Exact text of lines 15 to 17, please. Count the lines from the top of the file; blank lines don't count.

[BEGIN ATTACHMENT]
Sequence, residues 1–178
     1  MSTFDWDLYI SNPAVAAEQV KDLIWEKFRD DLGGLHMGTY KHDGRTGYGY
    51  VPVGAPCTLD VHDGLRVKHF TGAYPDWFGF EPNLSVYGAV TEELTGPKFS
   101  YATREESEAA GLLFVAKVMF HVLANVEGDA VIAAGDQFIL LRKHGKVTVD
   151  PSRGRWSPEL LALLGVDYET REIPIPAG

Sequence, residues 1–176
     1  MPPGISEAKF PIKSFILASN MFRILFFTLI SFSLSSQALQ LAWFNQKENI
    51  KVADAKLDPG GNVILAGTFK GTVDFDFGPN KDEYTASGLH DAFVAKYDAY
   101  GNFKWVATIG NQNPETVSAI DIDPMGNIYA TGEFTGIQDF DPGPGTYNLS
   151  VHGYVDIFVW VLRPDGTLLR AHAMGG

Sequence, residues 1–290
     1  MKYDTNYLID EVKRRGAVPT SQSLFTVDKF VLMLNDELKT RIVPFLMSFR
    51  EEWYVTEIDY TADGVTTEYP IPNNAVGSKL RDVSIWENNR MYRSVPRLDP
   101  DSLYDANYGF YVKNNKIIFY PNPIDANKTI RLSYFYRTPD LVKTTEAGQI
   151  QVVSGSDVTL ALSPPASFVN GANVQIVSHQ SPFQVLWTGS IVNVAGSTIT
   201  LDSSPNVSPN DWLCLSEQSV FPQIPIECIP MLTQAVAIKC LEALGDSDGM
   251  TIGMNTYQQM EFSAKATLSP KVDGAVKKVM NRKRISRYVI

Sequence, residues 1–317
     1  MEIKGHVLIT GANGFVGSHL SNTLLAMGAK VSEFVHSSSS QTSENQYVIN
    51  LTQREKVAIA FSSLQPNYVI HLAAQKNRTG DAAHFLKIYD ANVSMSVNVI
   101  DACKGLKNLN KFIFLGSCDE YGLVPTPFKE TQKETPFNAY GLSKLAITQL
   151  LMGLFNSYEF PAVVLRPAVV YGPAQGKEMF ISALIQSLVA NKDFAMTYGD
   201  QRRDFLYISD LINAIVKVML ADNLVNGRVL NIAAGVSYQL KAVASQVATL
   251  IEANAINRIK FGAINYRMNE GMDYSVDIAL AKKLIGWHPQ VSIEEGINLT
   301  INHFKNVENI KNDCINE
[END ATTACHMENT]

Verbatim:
   151  QVVSGSDVTL ALSPPASFVN GANVQIVSHQ SPFQVLWTGS IVNVAGSTIT
   201  LDSSPNVSPN DWLCLSEQSV FPQIPIECIP MLTQAVAIKC LEALGDSDGM
   251  TIGMNTYQQM EFSAKATLSP KVDGAVKKVM NRKRISRYVI